The Science and Science Careers' 2018 annual Top Employers Survey polled employees in the biotechnology, biopharmaceutical, pharmaceutical, and related industries to determine the 20 best employers in these industries as well as their driving characteristics.

Science in the palm of your hand: How citizen science transforms passive learners
Citizen science projects can engage even children who previously were not interested in science.

Applied science may yield more translational research publications than basic science
While translational research can happen at any stage of the research process, a recent investigation of behavioral and social science research awards granted by the NIH between 2008 and 2014 revealed that applied science yielded a higher volume of translational research publications than basic science, according to a study published May 9, 2018 in the open-access journal PLOS ONE by Xueying Han from the Science and Technology Policy Institute, USA, and colleagues.

Prominent academics, including Salk's Thomas Albright, call for more science in forensic science
Six scientists who recently served on the National Commission on Forensic Science are calling on the scientific community at large to advocate for increased research and financial support of forensic science as well as the introduction of empirical testing requirements to ensure the validity of outcomes.

World Science Forum 2017 Jordan issues Science for Peace Declaration
On behalf of the coordinating organizations responsible for delivering the World Science Forum Jordan, the concluding Science for Peace Declaration issued at the Dead Sea represents a global call for action to science and society to build a future that promises greater equality, security and opportunity for all, and in which science plays an increasingly prominent role as an enabler of fair and sustainable development.

PETA science group promotes animal-free science at society of toxicology conference
The PETA International Science Consortium Ltd. is presenting two posters on animal-free methods for testing inhalation toxicity at the 56th annual Society of Toxicology (SOT) meeting March 12 to 16, 2017, in Baltimore, Maryland.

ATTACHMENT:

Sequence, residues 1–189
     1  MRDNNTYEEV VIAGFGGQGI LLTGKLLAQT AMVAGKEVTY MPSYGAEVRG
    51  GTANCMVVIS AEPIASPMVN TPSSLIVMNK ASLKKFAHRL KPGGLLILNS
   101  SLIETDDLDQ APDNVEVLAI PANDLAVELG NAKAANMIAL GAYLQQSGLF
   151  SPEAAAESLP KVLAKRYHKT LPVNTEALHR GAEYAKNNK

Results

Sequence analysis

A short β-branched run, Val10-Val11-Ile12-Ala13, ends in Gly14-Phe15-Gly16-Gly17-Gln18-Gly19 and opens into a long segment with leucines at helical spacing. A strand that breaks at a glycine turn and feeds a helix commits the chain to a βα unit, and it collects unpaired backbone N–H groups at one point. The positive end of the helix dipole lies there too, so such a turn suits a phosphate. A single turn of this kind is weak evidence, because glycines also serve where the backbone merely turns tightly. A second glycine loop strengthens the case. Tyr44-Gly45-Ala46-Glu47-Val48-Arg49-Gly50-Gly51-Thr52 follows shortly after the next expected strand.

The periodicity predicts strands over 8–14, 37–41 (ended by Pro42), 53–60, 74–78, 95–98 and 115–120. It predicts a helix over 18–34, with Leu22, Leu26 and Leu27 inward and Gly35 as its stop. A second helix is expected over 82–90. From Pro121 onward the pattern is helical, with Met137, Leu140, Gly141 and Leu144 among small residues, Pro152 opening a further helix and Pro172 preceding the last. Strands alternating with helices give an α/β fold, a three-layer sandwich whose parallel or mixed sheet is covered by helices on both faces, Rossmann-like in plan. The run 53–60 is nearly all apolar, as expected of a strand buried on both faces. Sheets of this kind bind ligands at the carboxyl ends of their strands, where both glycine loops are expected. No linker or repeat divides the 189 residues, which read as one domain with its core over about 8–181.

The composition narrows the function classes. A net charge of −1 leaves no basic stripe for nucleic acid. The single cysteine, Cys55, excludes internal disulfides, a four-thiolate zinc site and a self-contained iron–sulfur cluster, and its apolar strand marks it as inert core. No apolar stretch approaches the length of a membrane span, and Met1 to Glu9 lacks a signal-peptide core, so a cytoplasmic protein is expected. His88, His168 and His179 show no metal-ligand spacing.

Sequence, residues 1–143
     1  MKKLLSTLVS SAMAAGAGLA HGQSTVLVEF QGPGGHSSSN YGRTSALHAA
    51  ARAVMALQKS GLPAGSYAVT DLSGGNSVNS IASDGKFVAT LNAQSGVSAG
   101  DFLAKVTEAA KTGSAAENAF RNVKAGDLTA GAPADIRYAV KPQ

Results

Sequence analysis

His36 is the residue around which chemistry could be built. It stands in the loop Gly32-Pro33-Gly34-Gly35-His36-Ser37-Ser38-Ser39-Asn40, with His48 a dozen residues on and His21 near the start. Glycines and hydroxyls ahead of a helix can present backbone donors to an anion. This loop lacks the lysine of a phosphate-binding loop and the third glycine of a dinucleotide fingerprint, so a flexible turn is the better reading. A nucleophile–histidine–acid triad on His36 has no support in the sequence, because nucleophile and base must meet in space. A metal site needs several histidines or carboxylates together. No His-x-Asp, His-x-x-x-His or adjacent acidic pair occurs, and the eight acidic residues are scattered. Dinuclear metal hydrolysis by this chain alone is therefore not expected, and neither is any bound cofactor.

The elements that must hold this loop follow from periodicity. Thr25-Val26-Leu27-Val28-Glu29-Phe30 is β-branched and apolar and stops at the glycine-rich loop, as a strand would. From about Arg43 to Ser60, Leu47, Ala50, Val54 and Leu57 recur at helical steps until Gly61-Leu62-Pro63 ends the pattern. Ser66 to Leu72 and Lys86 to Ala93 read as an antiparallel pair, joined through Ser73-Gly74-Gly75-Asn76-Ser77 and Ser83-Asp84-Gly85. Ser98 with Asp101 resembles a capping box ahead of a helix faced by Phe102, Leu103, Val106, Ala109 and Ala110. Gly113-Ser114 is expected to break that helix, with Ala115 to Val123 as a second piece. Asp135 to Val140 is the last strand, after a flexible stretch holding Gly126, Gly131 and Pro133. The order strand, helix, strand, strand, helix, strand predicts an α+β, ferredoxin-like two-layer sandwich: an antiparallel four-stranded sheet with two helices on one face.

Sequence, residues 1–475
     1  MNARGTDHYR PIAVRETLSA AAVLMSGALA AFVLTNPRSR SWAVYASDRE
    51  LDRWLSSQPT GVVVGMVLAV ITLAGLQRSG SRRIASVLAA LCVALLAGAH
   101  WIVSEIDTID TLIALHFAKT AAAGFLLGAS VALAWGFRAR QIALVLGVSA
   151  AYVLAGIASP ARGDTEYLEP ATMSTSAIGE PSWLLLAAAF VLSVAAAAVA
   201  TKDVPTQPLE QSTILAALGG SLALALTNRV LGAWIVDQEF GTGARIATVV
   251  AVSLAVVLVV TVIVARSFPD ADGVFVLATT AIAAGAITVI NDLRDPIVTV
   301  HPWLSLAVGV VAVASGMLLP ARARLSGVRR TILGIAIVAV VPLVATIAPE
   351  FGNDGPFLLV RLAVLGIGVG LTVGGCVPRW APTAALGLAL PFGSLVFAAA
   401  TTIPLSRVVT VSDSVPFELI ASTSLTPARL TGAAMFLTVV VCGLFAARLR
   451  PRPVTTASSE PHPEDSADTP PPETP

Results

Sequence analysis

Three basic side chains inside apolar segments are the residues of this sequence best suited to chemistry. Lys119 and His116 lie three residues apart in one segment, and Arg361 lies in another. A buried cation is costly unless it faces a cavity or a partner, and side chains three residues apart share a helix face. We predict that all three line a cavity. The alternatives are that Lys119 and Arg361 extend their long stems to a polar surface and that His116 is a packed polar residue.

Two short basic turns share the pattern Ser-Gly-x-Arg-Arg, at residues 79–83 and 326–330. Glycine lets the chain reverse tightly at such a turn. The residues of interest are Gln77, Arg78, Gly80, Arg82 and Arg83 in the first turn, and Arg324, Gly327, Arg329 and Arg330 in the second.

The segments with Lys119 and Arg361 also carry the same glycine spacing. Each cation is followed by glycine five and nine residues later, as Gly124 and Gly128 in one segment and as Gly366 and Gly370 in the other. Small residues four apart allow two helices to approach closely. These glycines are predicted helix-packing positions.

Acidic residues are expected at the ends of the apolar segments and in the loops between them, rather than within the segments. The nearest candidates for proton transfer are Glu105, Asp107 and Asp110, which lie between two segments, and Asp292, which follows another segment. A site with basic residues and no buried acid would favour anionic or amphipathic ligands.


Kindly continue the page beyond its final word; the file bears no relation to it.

Citizen Science in the Digital Age: Rhetoric, Science and Public Engagement
James Wynn's timely investigation highlights scientific studies grounded in publicly gathered data and probes the rhetoric these studies employ.

Science/Science Careers' survey ranks top biotech, pharma, and biopharma employers
The Science and Science Careers' 2016 annual Top Employers Survey polled employees in the biotechnology, biopharmaceutical, pharmaceutical, and related industries to determine the 20 best employers in these industries as well as their driving characteristics.

Three natural science professors win TJ Park Science Fellowship
Professor Jung-Min Kee (Department of Chemistry, UNIST), Professor Kyudong Choi (Department of Mathematical Sciences, UNIST), and Professor Kwanpyo Kim (Department of Physics, UNIST) are the recipients of the Cheong-Am (TJ Park) Science Fellowship of the year 2016.

Read More: Science News and Science Current Events
Brightsurf.com is a participant in the Amazon Services LLC Associates Program, an affiliate advertising program designed to provide a means for sites to earn advertising fees by advertising and linking to Amazon.com.